Ask the Experts: Holiday Party Liability

Question: We just held our annual, after-hours holiday party at a restaurant. One employee was a bit tipsy when she arrived, drank more alcohol, and during the course of the party fell and injured her head. Is our company, or the venue where we held the party, liable for her injury?

Answer: Both the venue and the employer may be held liable. The company may hold liability if the party was sponsored and paid for by the company, and the company permitted an individual to consume alcohol at its expense. Additionally, the venue may hold liability if it continued to serve alcohol to an individual who may have been impaired. Thus both parties may be found negligent and liable should any claim be filed by the individual.

When a company announces, promotes, and covers the expense of an event, it is the sponsor of the event and can be liable for injuries incurred at the event. The company must review its service agreement with the venue to determine if there was any disclosure as to liability. If there was no agreement or liability statement, the employer should consult with its workers’ compensation and general liability carrier. Often in this type of scenario the workers’ compensation carrier may deny the claim because the event did not occur on company property or during the normal course of work or working hours. However, as the sponsoring company of the event, and in the event of any claim by the injured individual, the company could be liable and should report the incident as quickly as possible with its general liability carrier.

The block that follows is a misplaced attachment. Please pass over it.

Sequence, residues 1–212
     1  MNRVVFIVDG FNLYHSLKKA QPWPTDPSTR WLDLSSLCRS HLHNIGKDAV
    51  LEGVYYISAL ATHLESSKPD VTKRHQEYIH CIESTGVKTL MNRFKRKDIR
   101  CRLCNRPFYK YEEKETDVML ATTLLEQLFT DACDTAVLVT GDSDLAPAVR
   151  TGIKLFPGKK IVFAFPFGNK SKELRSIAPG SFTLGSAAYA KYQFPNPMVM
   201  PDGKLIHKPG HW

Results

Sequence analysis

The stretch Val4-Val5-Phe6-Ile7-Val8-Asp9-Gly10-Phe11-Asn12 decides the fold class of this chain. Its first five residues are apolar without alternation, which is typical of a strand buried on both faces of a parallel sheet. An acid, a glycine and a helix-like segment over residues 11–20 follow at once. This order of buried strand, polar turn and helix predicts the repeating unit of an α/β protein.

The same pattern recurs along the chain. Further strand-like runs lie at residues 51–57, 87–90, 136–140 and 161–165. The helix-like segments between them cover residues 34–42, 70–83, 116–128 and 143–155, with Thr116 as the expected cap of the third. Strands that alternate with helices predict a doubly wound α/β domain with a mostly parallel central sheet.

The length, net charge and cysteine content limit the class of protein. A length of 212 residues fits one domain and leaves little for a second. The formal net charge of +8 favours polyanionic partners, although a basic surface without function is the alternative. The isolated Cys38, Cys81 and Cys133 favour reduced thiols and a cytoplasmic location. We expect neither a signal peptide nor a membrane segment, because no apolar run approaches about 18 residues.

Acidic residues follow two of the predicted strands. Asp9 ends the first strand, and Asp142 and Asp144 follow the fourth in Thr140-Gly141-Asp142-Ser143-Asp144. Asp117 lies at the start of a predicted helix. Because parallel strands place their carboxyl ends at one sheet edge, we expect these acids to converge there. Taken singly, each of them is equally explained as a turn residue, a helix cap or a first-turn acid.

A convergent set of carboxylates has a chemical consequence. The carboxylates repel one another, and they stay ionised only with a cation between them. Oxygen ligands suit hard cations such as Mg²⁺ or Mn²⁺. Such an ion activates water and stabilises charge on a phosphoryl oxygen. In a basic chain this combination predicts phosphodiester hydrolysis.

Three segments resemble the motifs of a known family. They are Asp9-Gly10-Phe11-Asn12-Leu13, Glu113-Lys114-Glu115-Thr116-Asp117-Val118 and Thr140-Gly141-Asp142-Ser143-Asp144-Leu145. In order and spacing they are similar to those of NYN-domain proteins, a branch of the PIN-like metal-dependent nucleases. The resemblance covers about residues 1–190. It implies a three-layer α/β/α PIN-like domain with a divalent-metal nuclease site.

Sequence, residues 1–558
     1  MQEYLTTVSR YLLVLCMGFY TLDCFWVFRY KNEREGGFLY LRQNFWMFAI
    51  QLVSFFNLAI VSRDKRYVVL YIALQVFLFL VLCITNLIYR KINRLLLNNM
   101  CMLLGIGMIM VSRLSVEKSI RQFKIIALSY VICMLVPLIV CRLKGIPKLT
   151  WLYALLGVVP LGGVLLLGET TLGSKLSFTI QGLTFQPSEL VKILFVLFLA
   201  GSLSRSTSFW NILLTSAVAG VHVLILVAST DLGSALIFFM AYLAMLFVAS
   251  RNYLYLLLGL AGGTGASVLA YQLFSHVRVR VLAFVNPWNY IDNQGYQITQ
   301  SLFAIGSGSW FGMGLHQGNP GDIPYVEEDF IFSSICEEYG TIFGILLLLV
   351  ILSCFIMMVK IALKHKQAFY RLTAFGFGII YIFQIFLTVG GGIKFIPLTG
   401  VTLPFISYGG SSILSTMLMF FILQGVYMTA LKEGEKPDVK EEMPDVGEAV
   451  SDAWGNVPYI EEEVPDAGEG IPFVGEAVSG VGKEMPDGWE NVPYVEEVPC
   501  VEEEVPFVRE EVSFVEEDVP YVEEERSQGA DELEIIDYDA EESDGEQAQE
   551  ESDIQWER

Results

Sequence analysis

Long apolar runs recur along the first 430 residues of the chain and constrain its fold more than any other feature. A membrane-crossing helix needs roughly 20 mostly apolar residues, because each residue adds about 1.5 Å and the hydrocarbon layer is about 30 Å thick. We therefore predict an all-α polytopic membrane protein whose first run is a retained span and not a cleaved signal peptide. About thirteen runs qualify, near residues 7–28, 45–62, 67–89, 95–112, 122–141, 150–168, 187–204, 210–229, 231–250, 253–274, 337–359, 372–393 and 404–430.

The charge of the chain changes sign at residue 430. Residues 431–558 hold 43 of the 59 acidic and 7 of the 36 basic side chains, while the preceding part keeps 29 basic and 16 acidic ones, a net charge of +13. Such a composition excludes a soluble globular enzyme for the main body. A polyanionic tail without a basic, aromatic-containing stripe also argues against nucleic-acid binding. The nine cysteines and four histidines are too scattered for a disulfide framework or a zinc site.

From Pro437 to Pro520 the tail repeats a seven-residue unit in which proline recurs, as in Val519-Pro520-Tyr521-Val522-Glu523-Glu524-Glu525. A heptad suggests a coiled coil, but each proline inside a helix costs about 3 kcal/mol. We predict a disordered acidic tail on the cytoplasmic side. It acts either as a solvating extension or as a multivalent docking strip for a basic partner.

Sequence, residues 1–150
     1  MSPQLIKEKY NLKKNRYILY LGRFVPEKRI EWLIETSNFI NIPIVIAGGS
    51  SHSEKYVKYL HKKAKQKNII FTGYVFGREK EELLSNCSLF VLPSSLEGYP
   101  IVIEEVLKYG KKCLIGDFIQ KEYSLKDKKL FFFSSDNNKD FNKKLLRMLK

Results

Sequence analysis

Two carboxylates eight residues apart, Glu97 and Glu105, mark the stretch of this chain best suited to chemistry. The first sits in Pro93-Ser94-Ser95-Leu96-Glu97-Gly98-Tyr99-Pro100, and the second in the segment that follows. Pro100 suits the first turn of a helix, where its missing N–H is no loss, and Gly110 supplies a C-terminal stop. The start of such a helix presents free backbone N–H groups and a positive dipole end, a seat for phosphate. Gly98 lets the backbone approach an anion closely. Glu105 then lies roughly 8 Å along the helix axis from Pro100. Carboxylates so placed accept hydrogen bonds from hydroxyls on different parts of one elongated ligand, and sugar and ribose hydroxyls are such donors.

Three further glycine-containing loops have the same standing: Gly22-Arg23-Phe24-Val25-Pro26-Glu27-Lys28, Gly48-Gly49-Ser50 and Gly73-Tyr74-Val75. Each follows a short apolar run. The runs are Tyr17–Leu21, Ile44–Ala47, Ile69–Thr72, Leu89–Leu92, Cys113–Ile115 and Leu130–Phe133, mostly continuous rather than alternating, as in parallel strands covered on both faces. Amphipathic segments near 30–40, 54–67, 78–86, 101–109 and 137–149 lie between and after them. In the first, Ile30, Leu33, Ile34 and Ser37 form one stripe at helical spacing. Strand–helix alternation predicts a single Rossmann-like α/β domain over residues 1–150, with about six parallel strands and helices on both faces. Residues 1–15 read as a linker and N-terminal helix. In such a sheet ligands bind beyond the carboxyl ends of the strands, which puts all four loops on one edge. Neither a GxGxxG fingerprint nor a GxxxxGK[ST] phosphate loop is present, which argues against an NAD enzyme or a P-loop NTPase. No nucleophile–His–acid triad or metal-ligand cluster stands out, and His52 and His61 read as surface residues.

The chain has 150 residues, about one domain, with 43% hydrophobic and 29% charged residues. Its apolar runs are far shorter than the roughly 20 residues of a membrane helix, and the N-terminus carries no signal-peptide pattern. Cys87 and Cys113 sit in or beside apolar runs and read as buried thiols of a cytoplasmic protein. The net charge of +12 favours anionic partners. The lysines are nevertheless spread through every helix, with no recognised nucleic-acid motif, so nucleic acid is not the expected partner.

Many event venues will require an employer or large party to provide some level of insurance releasing liability of the venue in the circumstance of injury, illness, or otherwise. It is always a good practice to review such agreements with general counsel and set expectations with employees in advance of an event to have fun and consume responsibly (if alcohol is involved). Further, as a best practice, management should be briefed ahead of time to address any inappropriateness or excessive consumption discreetly and swiftly, extending transportation to the individual’s home at the company’s expense.